Connect with us


25 Copywriting Portfolio Examples That Will Secure Your Next Gig



25 Copywriting Portfolio Examples That Will Secure Your Next Gig

If you’re reading this blog, you’ve likely decided to start or revamp your copywriting portfolio. With so many portfolios out there, it’s hard to figure out how to make yours stand out from the crowd.

What colors should you use? What kind of writing samples will show off your skills? Fortunately, I’ve put together a collection of copywriting portfolio examples that are sure to inspire you and guide you in the right direction.

Each copywriting portfolio example I’ve included is unique in terms of color, layout, and personality — highlighting the various ways you can approach putting a portfolio together and how it’s okay to get creative with yours.

How to Create a Copywriting Portfolio

When creating your copywriting portfolio, avoid cramming in too many of your writing samples. You’ll want to show off your diverse portfolio —that’s understandable — but too many samples can overwhelm potential clients and employers.

Instead, opt for five or six writing samples that capture the different styles of writing you’ve done, such as technical, marketing, and business writing. Be sure to also include a balance of humorous and serious pieces, B2B and B2C writings, as well as short and long-form content.

If you have little-to-no writing samples, build your portfolio by starting a website or blog to showcase your writing skills, or contribute to other websites. You can also write for nonprofits or work internships.

Another method to build your portfolio is to write mock-copywriting samples based on local businesses. Just be sure to let employers or clients know they are mock-samples and that you weren’t actually hired by those companies. The point isn’t to deceive, but to show what you can do.

Copywriting Portfolio Examples

Now that you have a few of your best copywriting examples ready to upload, it’s time to design your portfolio. You want a portfolio that stands out from the crowd, showcases your personality, highlights your skills, and is easy to navigate by potential employers.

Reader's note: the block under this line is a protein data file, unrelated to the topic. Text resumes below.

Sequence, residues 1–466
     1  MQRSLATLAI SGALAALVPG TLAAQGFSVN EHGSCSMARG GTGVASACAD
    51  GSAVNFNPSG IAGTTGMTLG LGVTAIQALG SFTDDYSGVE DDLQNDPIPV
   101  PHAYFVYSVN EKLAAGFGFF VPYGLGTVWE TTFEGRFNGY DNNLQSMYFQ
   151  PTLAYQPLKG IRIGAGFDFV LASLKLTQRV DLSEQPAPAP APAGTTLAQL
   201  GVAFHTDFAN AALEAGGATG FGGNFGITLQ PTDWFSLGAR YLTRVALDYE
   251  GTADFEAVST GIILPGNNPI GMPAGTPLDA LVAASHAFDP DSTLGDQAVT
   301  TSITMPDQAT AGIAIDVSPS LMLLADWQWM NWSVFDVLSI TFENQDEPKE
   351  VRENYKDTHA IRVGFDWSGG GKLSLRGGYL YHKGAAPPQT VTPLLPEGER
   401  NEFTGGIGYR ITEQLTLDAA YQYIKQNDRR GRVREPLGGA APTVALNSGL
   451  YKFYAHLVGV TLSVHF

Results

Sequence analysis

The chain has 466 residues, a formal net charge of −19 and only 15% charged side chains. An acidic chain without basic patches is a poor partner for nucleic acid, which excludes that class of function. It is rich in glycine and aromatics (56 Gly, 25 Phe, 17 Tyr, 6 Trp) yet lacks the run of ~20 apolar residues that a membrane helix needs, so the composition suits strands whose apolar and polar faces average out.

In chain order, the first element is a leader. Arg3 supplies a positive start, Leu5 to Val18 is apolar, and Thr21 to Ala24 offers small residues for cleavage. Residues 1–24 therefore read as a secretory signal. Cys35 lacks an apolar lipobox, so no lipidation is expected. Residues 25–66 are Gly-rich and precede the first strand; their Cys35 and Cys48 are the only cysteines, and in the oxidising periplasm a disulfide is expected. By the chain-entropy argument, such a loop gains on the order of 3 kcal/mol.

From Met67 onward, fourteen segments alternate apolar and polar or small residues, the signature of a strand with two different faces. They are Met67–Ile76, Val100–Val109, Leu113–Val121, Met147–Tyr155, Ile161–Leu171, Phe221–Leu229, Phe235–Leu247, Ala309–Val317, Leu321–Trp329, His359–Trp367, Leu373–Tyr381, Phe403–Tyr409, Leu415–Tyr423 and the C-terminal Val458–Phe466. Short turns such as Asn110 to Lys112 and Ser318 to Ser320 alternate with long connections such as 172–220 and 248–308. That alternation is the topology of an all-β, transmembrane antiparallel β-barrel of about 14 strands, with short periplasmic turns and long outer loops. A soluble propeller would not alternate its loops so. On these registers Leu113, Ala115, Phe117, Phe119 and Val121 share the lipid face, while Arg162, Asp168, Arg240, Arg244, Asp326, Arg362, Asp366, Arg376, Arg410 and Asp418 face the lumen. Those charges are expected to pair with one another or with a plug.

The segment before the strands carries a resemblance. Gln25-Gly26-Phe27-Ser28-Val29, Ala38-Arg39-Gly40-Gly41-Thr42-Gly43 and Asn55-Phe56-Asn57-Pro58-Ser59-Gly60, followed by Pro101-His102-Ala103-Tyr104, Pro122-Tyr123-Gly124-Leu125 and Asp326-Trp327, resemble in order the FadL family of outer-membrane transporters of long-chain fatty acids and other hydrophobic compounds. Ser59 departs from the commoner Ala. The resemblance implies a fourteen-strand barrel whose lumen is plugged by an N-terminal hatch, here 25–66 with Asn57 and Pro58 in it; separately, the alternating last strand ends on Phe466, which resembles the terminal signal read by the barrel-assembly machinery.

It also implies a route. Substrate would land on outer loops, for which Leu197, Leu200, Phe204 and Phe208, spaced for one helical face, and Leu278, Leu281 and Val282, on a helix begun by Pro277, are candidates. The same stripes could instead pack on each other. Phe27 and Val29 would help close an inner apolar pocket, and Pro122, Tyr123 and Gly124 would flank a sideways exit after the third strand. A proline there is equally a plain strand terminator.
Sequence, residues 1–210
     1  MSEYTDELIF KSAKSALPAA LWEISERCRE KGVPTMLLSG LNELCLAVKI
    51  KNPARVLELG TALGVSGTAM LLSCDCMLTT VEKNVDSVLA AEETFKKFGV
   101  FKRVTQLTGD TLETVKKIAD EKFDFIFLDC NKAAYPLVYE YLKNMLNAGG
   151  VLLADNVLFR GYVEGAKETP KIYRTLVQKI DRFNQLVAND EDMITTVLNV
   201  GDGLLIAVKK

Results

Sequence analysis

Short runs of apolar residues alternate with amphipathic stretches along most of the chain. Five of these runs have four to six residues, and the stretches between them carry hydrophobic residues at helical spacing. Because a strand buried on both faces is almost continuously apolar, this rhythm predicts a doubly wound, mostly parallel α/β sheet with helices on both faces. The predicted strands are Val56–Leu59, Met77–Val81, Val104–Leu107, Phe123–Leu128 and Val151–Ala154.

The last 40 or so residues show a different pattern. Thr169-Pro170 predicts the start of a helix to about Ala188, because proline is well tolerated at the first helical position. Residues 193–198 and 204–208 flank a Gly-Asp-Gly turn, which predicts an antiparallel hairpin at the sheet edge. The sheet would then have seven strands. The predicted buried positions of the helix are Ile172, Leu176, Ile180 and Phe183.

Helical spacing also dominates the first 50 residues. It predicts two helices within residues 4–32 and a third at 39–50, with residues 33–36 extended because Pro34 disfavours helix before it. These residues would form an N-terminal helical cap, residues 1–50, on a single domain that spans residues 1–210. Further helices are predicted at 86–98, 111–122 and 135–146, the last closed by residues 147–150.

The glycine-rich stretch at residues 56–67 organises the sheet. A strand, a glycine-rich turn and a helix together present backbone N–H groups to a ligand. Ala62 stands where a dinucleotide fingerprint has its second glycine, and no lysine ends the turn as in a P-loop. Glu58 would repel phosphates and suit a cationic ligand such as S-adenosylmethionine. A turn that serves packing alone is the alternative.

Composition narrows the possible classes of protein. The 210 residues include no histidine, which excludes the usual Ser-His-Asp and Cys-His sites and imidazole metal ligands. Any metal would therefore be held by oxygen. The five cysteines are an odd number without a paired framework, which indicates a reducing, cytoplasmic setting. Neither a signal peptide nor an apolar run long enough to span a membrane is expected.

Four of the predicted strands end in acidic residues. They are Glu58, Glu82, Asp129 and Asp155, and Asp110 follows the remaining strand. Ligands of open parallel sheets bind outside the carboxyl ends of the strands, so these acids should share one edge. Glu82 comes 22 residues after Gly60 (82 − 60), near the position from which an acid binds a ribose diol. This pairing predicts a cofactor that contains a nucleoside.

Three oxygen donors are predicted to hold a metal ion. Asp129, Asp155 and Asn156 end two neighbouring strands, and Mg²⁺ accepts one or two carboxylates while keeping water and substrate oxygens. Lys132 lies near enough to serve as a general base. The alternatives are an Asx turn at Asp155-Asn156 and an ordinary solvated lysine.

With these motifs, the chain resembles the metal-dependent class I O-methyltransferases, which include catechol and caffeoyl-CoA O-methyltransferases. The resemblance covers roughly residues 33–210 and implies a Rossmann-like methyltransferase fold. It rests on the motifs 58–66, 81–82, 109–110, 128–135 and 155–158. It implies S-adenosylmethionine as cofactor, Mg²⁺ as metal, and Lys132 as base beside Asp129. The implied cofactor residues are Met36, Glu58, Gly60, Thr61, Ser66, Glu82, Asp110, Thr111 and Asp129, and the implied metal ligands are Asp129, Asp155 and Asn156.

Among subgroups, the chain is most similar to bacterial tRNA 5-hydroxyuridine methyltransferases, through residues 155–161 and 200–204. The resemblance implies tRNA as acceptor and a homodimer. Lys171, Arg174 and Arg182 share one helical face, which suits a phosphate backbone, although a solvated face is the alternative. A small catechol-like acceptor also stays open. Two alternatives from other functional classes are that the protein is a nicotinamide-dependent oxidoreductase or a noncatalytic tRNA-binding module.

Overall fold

To give you some inspiration, here are 25 examples of excellent copywriting portfolios broken down into the following categories:

  • Homepage – The first page people see of your online portfolio and where you’ll likely house your work samples
  • About Me – Where you’ll give readers an idea of who you are and what you do
  • Services – What you can provide your clients

Each of these examples presents a different approach to copywriting portfolios that is sure to attract new opportunities.


There are many different approaches to creating a homepage for your portfolio — however, it’s best practice to ensure your homepage features your name, your contact information, and complementary colors. Most copywriters choose to feature their work directly on their homepage, but some find a way to link to their samples.

Here are several examples of outstanding homepage templates:

1. Carline Anglade-Cole

The homepage for Anglade-Cole’s copywriting portfolio immediately establishes her as an expert in her field by bringing attention to the awards she’s garnered throughout her career. The photo on her front page shows her at a speaking engagement with a confident smile, and the photo’s caption clearly states her full name above “3X Award-Winning Direct-Response Copywriter, Author, and Consultant.”